On what Logic is and its utility.
3. Knowledge is either apprehension, and nothing further or appre-hension together with judgment. Apprehension is the perception of theimage of a thing in the mind. Judgment means referring (literally leaning)one thing to another /2/ afﬁrmatively or negatively. The whole [apprehen-sion and a judgment combined] is called declaration.
4. Neither is the whole of either of these two things entirely intuitive,else there would be nothing we do not know; nor entirely deductive, elseour reasoning would be a circle, or an [interminable] chain.
5. Part of each is intuitive, and part is deductive, and the result of rea-soning,
of such an arrangement of known things [in the mind] that theylead to [the knowledge of] unknown things. But this arrangement is notalways correct, for some thinkers contradict others as regards the results of theirreasonings, nay thesame personcontradicts himself at different times;therefore a canon (a code ofrules) is required, acquainting us with the waysof deriving deductive knowledge from self-/3/evident [knowledge], andmarking the boundaries between sound and bad reasoning. This canon isLogic. It is described as the canonic organon, (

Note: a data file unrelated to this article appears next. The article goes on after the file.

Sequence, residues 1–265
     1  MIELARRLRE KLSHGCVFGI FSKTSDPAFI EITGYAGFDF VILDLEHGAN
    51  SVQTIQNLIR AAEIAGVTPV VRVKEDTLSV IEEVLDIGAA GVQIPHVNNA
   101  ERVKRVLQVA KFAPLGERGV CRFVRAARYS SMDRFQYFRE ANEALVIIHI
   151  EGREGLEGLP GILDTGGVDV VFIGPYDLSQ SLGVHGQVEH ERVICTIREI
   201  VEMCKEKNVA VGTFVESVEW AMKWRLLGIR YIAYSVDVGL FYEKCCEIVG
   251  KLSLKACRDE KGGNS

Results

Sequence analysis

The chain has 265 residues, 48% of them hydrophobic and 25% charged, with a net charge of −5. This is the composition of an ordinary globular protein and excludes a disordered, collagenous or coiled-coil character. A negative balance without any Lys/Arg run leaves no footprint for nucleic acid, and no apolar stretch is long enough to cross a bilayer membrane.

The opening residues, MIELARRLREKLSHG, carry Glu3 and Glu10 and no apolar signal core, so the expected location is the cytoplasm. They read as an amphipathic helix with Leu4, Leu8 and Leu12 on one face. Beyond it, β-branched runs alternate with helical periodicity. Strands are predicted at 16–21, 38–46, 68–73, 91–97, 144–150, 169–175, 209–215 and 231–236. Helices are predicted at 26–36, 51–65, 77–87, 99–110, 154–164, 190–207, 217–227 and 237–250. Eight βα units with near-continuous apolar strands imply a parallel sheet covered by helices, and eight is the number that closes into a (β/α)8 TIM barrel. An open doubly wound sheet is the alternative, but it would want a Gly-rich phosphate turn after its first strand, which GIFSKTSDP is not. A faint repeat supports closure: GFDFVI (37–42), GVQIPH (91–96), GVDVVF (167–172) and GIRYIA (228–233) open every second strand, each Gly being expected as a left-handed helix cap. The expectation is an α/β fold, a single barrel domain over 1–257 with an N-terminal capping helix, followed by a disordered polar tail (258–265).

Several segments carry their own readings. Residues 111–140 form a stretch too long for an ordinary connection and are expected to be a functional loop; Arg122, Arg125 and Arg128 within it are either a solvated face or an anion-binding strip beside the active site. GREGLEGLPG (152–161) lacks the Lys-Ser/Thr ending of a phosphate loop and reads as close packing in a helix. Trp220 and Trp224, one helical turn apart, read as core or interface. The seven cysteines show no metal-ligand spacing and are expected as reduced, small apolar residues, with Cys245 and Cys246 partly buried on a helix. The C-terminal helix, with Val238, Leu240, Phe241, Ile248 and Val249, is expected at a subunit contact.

an instrument consist-ing of rules), the observance of which guards our intellect from error inreasoning.Logic is neither entirely intuitive, else there would be no need for learn-ing it, not is it entirely deductive, else it would be a circle or [interminable]chain, but some[of its doctrines]are intuitive and othersare deductive, andfounded upon the intuitive ones.
On the Subject of Logic.
6. The subjects of a Science are those of its accidents which are in-quired into, whether they belong to it immediately, that is to say, belongto its essence, or whether they belong to its parts or whether they belongto it [mediately, but are] co-extensive. The subjects of Logic are apprehen-sional and declarative notions, for the Logician inquires into them so faras they lead to unknown apprehensional or declarative [notions], and in3